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Trafficking fears as about 1,000 Nigerian refugees, some pregnant, vanish from Dutch asylum centres



Almost 1,000 Nigerian refugees disappeared from Dutch asylum centres last year, and there are serious indications many of them have been trafficked, according to an investigation by radio programme Argos.

The figures, obtained from the refugee settlement agency COA using freedom of information legislation, show pregnant women are among those who vanished, Argos said.

The disappearances coincide with a sharp rise in the number of Nigerians applying for asylum in the Netherlands – a total of 2,461 last year.

While some are sent back to Nigeria or Italy, which is an important arrival point for Nigerian refugees, at least 961 have disappeared while living in a Dutch refugee centre, Argos said.

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A further 128 disappeared in January this year. The reports would indicate that Nigerian drugs and prostitution gangs have gained a foothold in Europe, Argos said.

Many of those who have disappeared said they had been forced into prostitution or drugs smuggling in the past. In particular, some victims are told they owe tens of thousands of euros to the smugglers who brought them into the Netherlands.

‘The women absolutely don’t want to go back to Italy,’ one refugee centre worker is quoted as saying.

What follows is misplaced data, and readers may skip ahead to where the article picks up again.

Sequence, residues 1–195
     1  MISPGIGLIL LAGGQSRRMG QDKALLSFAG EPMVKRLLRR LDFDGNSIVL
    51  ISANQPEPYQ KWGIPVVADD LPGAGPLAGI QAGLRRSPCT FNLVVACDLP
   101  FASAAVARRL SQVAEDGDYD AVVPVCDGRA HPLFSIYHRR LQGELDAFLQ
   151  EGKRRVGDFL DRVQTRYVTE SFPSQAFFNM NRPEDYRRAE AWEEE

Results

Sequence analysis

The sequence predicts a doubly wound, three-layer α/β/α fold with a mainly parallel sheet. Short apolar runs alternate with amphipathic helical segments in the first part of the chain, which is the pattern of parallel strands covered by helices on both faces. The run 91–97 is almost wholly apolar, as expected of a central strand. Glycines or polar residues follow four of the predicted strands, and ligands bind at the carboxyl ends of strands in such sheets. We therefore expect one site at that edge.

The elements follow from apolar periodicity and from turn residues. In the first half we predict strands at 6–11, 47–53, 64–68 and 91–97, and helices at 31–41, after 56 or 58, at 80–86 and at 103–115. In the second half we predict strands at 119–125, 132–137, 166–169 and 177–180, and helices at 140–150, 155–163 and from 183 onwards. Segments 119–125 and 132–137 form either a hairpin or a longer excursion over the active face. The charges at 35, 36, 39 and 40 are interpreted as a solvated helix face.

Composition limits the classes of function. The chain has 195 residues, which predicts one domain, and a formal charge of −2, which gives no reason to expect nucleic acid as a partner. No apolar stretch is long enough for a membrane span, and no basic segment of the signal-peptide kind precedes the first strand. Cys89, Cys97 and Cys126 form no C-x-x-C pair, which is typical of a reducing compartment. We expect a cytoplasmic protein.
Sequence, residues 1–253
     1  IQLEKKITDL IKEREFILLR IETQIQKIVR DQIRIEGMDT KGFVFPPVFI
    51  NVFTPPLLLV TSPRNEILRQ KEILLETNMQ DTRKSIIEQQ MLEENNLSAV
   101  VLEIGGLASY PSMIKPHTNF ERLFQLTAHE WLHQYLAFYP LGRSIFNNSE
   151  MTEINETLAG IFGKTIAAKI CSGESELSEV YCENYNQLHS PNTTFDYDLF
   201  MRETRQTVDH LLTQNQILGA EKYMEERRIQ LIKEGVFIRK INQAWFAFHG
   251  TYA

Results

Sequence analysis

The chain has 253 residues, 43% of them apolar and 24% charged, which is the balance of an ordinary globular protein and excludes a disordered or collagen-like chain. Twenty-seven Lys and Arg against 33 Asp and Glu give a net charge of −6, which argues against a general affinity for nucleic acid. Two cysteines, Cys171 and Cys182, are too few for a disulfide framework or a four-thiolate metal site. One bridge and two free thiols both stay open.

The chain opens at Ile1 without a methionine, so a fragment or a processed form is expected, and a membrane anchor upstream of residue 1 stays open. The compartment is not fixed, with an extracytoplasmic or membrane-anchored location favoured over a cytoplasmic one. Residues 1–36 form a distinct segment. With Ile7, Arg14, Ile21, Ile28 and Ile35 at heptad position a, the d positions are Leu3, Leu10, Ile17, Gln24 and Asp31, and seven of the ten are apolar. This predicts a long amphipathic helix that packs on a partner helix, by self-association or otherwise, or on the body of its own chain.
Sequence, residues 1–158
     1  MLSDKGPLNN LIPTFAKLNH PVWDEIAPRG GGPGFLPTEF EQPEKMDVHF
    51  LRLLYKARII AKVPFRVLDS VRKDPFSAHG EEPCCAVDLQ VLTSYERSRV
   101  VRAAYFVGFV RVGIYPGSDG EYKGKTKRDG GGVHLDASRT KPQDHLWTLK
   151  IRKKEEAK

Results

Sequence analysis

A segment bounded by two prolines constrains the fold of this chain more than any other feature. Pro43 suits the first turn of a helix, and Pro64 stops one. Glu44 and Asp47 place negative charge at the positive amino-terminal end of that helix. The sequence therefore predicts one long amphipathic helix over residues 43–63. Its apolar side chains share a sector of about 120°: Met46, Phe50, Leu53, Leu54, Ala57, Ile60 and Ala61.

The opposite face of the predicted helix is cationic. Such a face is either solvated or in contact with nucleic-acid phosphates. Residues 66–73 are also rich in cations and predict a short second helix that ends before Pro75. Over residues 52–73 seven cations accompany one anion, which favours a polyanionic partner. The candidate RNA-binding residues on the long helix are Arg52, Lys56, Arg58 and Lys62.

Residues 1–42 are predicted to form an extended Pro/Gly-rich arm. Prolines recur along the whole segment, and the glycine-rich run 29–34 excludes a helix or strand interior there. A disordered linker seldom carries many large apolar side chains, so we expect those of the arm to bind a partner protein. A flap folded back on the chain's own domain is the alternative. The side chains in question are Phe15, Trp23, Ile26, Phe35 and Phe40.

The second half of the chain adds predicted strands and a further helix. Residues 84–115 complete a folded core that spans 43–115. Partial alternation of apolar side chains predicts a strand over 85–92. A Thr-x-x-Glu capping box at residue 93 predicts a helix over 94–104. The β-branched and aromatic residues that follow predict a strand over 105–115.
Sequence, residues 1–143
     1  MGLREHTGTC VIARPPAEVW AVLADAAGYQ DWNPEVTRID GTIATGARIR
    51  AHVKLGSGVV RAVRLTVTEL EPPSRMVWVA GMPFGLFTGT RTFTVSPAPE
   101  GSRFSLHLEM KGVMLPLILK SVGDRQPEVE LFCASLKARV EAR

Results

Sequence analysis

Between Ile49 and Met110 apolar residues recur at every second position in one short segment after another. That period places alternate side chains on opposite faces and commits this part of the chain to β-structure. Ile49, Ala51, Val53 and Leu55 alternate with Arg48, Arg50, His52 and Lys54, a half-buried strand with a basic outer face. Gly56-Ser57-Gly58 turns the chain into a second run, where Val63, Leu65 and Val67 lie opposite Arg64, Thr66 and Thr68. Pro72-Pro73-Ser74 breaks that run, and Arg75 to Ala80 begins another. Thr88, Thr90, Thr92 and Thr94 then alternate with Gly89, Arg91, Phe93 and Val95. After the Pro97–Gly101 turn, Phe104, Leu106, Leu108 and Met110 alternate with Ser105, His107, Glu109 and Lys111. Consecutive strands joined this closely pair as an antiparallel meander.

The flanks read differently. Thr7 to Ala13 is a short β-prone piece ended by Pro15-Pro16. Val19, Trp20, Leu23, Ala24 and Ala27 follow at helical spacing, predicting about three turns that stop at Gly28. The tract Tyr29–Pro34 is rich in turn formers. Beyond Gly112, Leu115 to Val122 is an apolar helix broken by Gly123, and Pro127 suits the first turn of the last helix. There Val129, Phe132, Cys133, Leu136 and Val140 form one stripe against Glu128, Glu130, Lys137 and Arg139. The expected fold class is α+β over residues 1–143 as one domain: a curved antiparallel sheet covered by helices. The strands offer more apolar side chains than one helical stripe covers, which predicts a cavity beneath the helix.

‘They are worried about the trafficker whom they still owe €20,000. He is threatening to come to the Netherlands.’ Crime gangs Warner ten Kate, who covers human trafficking on behalf of the public prosecution service, told Argos that Nigerian gang activity is concentrated in Italy but is now spreading out.

And he says he is particularly concerned about the pregnant women, whose babies may be victims of illegal adoptions.

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A spokesman for the COA told Argos that it did not have anyone in the organisation who was specialised in Nigerian refugees and that refugee centres are open locations.

People who disappear are reported to the police, the spokesman said.

Earlier this year, Argos reported that dozens of pregnant women from Western African countries had vanished from Dutch refugee centres.

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And several years ago, scores of young Nigerian girls were disappearing from refugee centres every month. Some of them were later traced working in brothels in Italy and Belgium.